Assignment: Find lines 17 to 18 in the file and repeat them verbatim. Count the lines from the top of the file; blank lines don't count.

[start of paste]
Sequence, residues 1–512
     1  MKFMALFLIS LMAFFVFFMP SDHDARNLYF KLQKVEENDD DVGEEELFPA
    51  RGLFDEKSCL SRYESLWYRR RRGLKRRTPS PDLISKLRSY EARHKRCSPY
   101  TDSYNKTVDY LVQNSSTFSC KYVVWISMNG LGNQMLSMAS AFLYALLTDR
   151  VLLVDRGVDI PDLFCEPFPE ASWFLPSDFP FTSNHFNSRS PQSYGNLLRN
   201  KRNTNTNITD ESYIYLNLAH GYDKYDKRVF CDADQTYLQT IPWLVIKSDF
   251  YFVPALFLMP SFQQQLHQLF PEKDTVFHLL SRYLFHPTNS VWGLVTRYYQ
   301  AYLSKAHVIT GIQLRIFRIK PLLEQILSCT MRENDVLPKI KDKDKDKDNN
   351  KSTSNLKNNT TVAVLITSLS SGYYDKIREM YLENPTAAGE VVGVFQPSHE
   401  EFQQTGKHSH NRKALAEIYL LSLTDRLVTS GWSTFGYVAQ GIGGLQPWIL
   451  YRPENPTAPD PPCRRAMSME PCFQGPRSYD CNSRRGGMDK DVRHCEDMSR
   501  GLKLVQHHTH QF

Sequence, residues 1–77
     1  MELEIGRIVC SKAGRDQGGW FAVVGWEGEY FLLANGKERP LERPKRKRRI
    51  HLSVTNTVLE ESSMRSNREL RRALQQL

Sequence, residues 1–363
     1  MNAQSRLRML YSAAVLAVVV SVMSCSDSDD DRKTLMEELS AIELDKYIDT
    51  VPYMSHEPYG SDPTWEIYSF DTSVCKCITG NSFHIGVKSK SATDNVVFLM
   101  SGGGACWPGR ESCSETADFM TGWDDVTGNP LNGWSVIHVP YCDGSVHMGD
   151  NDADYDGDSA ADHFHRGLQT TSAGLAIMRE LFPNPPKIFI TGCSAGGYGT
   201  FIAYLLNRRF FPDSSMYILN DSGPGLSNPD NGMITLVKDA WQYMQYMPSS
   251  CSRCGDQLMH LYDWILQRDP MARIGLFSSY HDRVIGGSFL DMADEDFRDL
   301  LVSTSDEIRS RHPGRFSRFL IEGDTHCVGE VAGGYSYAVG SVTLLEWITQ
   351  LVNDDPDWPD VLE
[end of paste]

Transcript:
     1  MNAQSRLRML YSAAVLAVVV SVMSCSDSDD DRKTLMEELS AIELDKYIDT
    51  VPYMSHEPYG SDPTWEIYSF DTSVCKCITG NSFHIGVKSK SATDNVVFLM